In April, Asra Nomani, a former Wall Street Journal reporter and parent of a Thomas Jefferson student, wrote in The Federalist, “In 2017, when Ann Bonitatibus walked through the front doors of Thomas Jefferson High School for Science and Technology as its new principal, she came with a mission to turn the top-rated school upside down. For her, that meant flipping the school’s racial demographics. At the time, 7 of 10 students came from Asian immigrant families, two of 10 from white families, and one of 10 students came from black, Hispanic, and multiracial families.”

On June 7, 2020, after George Floyd’s killing, Bonitatibus “emailed our mostly minority, immigrant families, telling us to check our ‘privileges,’ expressing her shame at our ‘Colonials’ mascot, and outlining her vision for a new racial makeup at the school,” the parent continued.

As a result, “freshmen are leaving the school in record numbers and teachers are abandoning ship,” Nomani wrote. The district picked the Class of 2025 through a race-based admissions process, which caused the percentage of Asian students admitted last year to plummet from 73 to 54 percent.

“Teachers also say the principal [Bonitatibus] has sent a clear message: don’t fail freshmen” though many are ill-prepared in math, Nomani wrote.

In a co-authored opinion piece for the Washington Post about the former CVUSD superintendent, Nomani wrote, “The purge of Asian American students at Thomas Jefferson High School has begun.”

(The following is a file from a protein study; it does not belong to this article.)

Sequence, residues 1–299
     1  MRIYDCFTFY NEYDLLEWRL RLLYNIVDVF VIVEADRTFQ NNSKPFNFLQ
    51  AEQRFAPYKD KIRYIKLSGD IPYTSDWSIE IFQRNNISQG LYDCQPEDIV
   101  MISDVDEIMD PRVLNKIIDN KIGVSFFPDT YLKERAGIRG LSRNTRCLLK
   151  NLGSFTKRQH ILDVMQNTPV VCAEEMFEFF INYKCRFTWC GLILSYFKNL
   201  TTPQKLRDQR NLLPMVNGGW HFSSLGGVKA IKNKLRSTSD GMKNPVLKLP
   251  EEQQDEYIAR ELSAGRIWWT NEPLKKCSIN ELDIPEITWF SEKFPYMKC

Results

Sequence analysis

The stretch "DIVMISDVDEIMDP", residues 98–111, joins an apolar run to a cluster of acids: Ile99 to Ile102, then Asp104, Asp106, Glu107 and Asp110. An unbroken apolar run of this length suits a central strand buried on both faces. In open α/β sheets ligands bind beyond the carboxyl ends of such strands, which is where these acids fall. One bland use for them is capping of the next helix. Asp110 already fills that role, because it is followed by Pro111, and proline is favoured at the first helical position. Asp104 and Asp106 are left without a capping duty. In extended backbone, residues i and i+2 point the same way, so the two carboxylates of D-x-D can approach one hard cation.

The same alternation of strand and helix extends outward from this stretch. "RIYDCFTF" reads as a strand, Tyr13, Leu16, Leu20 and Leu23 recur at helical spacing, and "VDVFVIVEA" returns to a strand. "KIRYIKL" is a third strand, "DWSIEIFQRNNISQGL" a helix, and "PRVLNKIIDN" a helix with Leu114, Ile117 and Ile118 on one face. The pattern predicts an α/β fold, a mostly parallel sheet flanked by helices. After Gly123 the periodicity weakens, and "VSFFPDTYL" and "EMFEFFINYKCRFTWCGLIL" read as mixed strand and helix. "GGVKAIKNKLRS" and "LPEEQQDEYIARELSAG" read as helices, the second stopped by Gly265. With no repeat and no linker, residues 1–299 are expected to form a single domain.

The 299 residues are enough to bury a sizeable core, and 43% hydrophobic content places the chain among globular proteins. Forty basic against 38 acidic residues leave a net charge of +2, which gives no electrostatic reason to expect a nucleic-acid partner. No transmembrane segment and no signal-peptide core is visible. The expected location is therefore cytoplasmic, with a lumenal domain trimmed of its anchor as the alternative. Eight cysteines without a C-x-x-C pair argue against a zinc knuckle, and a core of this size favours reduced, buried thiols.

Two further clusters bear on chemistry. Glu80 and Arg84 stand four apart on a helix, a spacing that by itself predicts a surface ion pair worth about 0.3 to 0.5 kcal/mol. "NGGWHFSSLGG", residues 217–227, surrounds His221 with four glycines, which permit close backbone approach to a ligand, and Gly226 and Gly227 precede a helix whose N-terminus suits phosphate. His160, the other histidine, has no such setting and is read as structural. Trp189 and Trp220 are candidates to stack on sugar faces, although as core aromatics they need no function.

“Over the past year, TJ [Thomas Jefferson] and Fairfax County Public Schools officials have systematically set out to reduce the number of Asian American students at the highly regarded high school — and based on the most recent admissions data, their purge is succeeding.”

Nomani singled out Bonitatibus for bemoaning a lack of “diversity” and launching a crusade to change admissions.

“The student body is about 80 percent minority, but the wrong kind of minority for school officials, with about 70 percent Asian and about 10 percent of the minority students Black, Hispanic and multiracial,” Nomani wrote.

District leaders relaxed the school’s competitive admission standards, quit using the merit-based, race-blind admissions exam and introduced subjective criteria such as “experience factors” that allowed them to achieve a more “equitable” racial balance.

“It was clear that the new standards were aimed at a particular result: dramatically reducing the number of qualified Asian American students admitted to TJ,” the Post article continued. “In response, a multicultural coalition of concerned parents and families came together to combat the new racist standards. These brave parents held protests in front of the school, carrying signs written in Hindi, Bengali and Chinese. We warned that the slippery new standards were not only designed to actively discriminate against Asian American students, but would also end up watering down the school’s long-standing commitment to achievement through hard work and merit.”

Nomani and a grass-roots organization of parents filed a federal lawsuit against the Fairfax County School Board, arguing that the new admission standards violate their children’s constitutional right to equal protection. They warn that the rest of the country is next.

“The use of race in K-12 school admissions is part of a much wider national campaign by education officials intoxicated by the fashionable ideology of critical race theory taking it upon themselves to undermine the meritocratic system of achievement,” the Post opinion piece concluded. “Under the cover of fighting against discrimination and injustice, they’re launching a new era of discrimination and injustice. It’s up to parents to draw a line in the sand against this abuse of power.”

Bonitatibus did not respond to The Conejo Guardian’s request for comment.